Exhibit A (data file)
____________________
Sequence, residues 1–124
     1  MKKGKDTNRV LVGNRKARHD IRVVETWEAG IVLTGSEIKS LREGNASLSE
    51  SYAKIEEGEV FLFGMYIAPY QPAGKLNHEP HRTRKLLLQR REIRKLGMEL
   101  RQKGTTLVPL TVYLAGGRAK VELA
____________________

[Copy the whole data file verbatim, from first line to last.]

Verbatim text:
Sequence, residues 1–124
     1  MKKGKDTNRV LVGNRKARHD IRVVETWEAG IVLTGSEIKS LREGNASLSE
    51  SYAKIEEGEV FLFGMYIAPY QPAGKLNHEP HRTRKLLLQR REIRKLGMEL
   101  RQKGTTLVPL TVYLAGGRAK VELA